In honor of Orca Month, June 2022, Northwest Artists Against Extinction is spotlighting the launch of a multi-city salmon conservation mural project by artist Gabrielle Abbott.
The first mural in the series will be created on Thursday, June 2nd in Westlake Park, downtown Seattle. Gabrielle's murals are beautiful, temporary chalk illustrations, drawn to engage observers in dialogue and ignite interest in taking action for salmon recovery. To learn more about her process, check out this interview with Gabrielle by Jeanne Dodds with Save Our Wild Salmon.
Jeanne Dodds: How did you begin creating public artworks in the form of temporary murals?
Gabrielle Abbott: When I was 20 years old, I moved to Florence Italy to study portrait painting. While living there, I discovered many artists creating sidewalk chalk murals on the city streets. In Italy, this is a historic artform that dates back to the renaissance, and they call it “Madonnaro Art.” I started drawing on the streets there to earn money while I was studying, and quickly took to it. Before long I was a member of the Florentine Madonnara guild and was regularly traveling around Europe creating drawings for tips. I initially planned to stay in Italy for 6 months, but after discovering this lifestyle, ended up staying three years, working as a Madonnaro artist the whole time.
JD: This particular project is about salmon conservation and recovery of a thriving salmon population in the Pacific Northwest. What drives you to create work on this topic?
GA: One of the core values of my creative practice is “service.” This means, I see my art as a way that I can serve the world and make positive change. Salmon conservation is one of the most important issues in our local ecosystem so I was interested in offering my art to their cause. Also, I was born and raised in Seattle and have always had a close connection to the local ecosystem. In particular, I feel a spiritual connection to our Southern Resident Orca whales, and am devastated by the thought of their extinction. Salmon conservation is directly linked to Orca conservation.
JD: How did you become interested in salmon, as a species, and issues surrounding their survival?
GA: I learned about the issues surrounding salmon survival through my concern from the Southern resident Orcas. Many people don’t realize that our resident Orcas are starving to death because the salmon populations have declined. Salmon are a keystone species in the area, meaning that their health directly impacts the health of every other species in the life cycle. The DNA of salmon can be found miles away from the oceans and rivers, inside the trees as far as the rocky mountains! This is because the salmon are an important food source for so many species, who then carry the trace of their bodies throughout the forest.
JD: What qualities about creating works with chalk resonate with you in general, and for this project in particular? Why do you feel that chalk art murals are uniquely well-suited to convey a conservation message?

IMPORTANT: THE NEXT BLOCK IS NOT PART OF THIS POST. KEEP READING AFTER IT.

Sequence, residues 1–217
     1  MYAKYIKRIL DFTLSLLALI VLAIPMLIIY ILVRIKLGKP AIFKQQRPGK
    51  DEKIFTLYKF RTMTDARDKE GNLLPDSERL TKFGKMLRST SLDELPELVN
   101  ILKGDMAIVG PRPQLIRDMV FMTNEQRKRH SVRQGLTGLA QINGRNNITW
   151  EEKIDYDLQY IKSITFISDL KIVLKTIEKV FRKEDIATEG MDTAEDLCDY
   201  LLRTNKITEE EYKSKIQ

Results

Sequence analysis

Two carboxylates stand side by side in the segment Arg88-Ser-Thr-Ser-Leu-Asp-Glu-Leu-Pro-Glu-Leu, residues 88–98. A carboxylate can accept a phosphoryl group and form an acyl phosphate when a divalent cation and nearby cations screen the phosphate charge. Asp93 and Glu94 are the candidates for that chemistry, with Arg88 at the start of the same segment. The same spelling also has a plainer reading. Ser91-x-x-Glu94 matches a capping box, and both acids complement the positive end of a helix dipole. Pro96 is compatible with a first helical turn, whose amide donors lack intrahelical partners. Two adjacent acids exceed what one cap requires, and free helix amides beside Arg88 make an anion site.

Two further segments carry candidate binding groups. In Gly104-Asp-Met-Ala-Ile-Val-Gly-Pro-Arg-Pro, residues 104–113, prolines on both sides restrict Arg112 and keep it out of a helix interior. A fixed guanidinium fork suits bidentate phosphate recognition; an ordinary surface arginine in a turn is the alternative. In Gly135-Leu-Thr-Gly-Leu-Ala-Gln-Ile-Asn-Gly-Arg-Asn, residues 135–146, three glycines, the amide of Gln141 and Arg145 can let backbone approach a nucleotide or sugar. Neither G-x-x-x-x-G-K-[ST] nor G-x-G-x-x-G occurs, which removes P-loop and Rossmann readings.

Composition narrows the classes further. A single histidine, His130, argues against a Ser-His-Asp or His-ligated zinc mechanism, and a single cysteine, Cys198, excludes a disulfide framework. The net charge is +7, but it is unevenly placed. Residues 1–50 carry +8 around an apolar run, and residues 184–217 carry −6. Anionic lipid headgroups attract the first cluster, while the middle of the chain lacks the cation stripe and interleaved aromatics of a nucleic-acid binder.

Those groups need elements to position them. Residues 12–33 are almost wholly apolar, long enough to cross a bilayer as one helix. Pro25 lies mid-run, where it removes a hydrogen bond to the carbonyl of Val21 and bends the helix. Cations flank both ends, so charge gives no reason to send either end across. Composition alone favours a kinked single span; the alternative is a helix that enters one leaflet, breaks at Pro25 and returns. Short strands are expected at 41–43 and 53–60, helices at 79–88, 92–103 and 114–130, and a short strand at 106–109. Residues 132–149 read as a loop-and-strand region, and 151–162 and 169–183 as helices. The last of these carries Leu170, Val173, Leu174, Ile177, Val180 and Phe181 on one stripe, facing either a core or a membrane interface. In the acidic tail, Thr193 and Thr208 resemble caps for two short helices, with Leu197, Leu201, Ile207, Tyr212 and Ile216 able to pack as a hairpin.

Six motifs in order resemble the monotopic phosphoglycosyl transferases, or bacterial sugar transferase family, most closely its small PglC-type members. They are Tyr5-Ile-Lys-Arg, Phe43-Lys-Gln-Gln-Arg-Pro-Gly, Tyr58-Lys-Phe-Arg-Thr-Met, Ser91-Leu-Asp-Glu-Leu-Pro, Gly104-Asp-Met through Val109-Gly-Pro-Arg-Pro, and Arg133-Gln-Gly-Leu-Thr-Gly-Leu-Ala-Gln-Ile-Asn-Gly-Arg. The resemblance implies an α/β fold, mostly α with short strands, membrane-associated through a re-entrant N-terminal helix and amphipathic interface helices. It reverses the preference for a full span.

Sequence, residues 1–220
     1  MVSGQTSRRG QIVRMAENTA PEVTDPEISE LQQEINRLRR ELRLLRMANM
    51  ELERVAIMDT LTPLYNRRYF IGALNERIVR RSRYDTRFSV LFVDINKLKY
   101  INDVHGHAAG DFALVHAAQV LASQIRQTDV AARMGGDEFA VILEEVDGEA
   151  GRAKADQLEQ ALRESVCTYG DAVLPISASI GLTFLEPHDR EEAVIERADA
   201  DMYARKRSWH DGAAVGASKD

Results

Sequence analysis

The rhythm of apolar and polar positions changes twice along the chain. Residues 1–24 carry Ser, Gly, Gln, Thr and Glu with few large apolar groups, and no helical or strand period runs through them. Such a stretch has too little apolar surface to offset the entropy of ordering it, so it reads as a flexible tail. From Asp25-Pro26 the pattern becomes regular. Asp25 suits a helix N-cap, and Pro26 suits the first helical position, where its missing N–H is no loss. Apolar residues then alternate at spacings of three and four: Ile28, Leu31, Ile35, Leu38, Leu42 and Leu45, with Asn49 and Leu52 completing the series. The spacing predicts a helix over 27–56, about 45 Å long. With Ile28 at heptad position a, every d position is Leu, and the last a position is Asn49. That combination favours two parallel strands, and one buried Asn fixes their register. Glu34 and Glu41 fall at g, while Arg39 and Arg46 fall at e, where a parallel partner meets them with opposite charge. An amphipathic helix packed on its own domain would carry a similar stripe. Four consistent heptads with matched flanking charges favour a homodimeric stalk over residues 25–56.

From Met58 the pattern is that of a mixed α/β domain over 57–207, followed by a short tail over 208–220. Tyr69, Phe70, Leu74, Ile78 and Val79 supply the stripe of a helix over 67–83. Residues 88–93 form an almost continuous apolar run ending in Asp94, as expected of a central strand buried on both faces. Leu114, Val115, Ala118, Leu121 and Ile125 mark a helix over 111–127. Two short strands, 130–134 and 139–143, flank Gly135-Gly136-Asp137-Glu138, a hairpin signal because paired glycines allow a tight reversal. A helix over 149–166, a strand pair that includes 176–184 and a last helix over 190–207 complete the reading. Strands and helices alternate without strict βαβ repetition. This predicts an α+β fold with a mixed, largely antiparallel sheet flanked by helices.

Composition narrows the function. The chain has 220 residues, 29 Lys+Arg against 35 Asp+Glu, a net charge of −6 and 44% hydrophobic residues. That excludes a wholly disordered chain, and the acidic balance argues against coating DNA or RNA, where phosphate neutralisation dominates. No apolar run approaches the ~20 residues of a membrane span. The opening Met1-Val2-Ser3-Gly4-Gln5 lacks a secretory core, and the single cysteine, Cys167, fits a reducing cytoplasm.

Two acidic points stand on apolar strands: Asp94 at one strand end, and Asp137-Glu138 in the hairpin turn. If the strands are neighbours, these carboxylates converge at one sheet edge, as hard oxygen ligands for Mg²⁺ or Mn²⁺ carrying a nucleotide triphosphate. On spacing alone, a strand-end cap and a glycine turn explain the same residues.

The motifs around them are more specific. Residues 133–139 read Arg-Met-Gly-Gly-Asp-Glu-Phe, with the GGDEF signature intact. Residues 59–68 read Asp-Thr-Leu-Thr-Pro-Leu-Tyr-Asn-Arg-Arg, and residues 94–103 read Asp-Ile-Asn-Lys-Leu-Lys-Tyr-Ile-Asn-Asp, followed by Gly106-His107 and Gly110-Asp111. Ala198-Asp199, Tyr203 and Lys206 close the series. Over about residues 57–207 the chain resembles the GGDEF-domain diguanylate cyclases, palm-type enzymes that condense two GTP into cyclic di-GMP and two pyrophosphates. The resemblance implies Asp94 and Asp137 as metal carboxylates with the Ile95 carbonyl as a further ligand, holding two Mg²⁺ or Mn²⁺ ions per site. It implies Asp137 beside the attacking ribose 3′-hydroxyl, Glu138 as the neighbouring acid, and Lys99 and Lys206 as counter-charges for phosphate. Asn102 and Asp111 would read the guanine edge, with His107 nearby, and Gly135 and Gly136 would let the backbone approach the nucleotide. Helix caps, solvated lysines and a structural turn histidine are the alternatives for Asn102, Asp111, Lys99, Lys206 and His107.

GA: Chalk art is an ephemeral, delicate, and vanishing medium. This echoes the threat that we are facing with the salmon, and their possible disappearance. Let's not allow the salmon to disappear, as my drawings do!
JD: How do you engage with audiences as you are creating? What are some connections you have made with people while creating conservation-focused works?
GA: Sometimes I am able to involve community and youth in the process when I’m creating. Recently, I completed a mural called “Grateful steward” in Lynnwood, WA, which depicts two hands holding over 25 different species of indigenous edible and medicinal plants. I partnered with schools in the area to help design and brainstorm ideas for the mural. This was such a fun way to create something beautiful for a community while also teaching young people to care about their environment.
JD: What actions do you hope people will take after viewing and interacting with this project?
GA: First, I would love it if this project helped to educate people about the issues facing wild salmon, and the importance of restoring their numbers. Awareness is the first step, and I think many people have no idea about the threat that these animals are facing. Secondly, I hope it inspires people to reach out to their representatives and demand action on removing the Snake River dam.
Inspired by this interview and want to do more in support of creative activism?
NWAAE invites you to download, print and send this postcard, featuring the chalk mural art design Gabrielle Abbott is installing in downtown Seattle.
The postcards are pre-addressed to Washington Senators Patty Murray and Maria Cantwell. Add your own message and send them off to let our decision makers know you support salmon recovery and Lower Snake River dam removal.